Work = worship. At least in the Christian sense.
I started playing guitar a few years ago. It was something I always wanted to do but for whatever reason I never did until a few years ago. It instantly became my passion. I think about playing when I’m not, and hours seem like minutes when I am playing. I’ve never performed on stage. The only people that have ever really heard me play are family and friends. 95% of the time I spent playing is in a room by myself.
And I am completely content and fulfilled by this.
I find myself occasionally feeling pressure to go out and perform and write songs and record them and so on. I don’t know where this pressure comes from, but in reality it’s unwanted. Maybe it comes from the desire to be heard, famous, rich, or whatever. And maybe someday I’ll turn a corner and those things will seem like the natural next step instead of internalized pressure.
For now I’ll stick with what brings my the most joy. Nice post Shawn!
Perfect example, Clint. Thanks.
You can’t blame me for the length of this reply. You asked good questions, so Imma answer ’em.
Setting up the chairs. Yes. Indeed. The chairs come first. The writing, the revision, the lonely hours are first. And this is where the value of the work is seen. When we do work we love, and do it FOR love, we do it well. When our motives are pure satisfaction in the work, we virtually glow with peace and purpose. I have read too many books by too many well knowns that fall short of their purpose or talent or hype, because they’re written to fulfill a contract or a market. I (and I suspect you and your readers) can spot these a mile away.
I have no idea why we place higher value on those who are known. I try really hard not to do this in my own life. You’re not really a somebody unless you can talk to other somebodies. Everyone puts their pants on the same way.
Finally, this reminds me of the mandate Saul was giving just after being elected king by the Israellites (and we won’t get into the not so happily ever after part). “Do what your hand finds to do.” It’s really not more complicated than that, is it.
And to be very real here: I will NEVER get rich running. But I love it, I won’t quit it and I do it because I do it.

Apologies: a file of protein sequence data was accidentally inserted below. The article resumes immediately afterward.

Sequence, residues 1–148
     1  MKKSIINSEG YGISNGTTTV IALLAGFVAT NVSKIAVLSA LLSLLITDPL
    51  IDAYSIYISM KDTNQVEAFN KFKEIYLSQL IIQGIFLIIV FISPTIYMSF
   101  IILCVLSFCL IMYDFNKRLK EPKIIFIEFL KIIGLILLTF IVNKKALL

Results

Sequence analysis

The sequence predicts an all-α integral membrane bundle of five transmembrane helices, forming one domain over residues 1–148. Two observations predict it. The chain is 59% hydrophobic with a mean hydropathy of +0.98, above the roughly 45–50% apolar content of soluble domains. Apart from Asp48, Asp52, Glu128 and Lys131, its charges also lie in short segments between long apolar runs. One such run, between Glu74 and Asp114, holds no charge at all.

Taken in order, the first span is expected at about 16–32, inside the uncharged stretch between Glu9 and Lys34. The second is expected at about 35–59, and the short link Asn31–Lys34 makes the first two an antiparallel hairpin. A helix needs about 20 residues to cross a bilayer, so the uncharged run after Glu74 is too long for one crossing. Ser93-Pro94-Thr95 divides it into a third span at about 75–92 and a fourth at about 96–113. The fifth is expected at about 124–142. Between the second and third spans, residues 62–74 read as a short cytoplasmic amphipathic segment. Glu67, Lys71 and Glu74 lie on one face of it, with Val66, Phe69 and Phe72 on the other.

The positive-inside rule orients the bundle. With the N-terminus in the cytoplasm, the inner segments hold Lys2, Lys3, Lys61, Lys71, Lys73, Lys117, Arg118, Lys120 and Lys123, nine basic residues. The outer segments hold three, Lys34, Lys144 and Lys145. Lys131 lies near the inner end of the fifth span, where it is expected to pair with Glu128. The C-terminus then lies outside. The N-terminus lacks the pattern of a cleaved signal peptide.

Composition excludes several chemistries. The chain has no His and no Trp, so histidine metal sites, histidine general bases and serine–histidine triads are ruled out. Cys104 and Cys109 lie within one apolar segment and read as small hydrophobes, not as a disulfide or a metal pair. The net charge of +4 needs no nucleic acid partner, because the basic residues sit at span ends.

I have no problem with writing faithfully and being somewhat unrecognized. But then I get annoyed when people who write terribly still end up being famous. As a friend of mine often says, “If you don’t do it, someone less qualified will.”
If I was to put this into words, like this, it would be just what I was thinking when writers block set in on me… releasing my writing from my ego sets it on fire. The Gates reopen. And if it is meant to be shared someday , somewhere, all the better, but it really is about setting up the chairs… wonderful, God bless. Hope to meet you someday… I met Jonas out at E town seminar. Best John Crotty
Thanks for reading, John. “Releasing my writing from my ego sets it on fire.” Well said.
Shawn, thanks for reply!
As matter of fact the Beilers invited my wife and I out today to stay at their B&B just near the Counsel center, where Jonas has invited me to sit in on their forgiveness sessions tomorrrow morning. I have read Think No Evil 3 times and it has served as a real inspiration to my wife and I in our project on Forgiveness, which includes a manuscript in progress, part of which was excerpted by Penguin books in “Living with Miracles” I would love to talk to you about writing more someday, maybe if you are near this weekend please look us up at the B&B Ellmaker! If not I will send you an email soon, if you don’t mind, I sure could use some advice!
Best John Crotty
Comments are closed.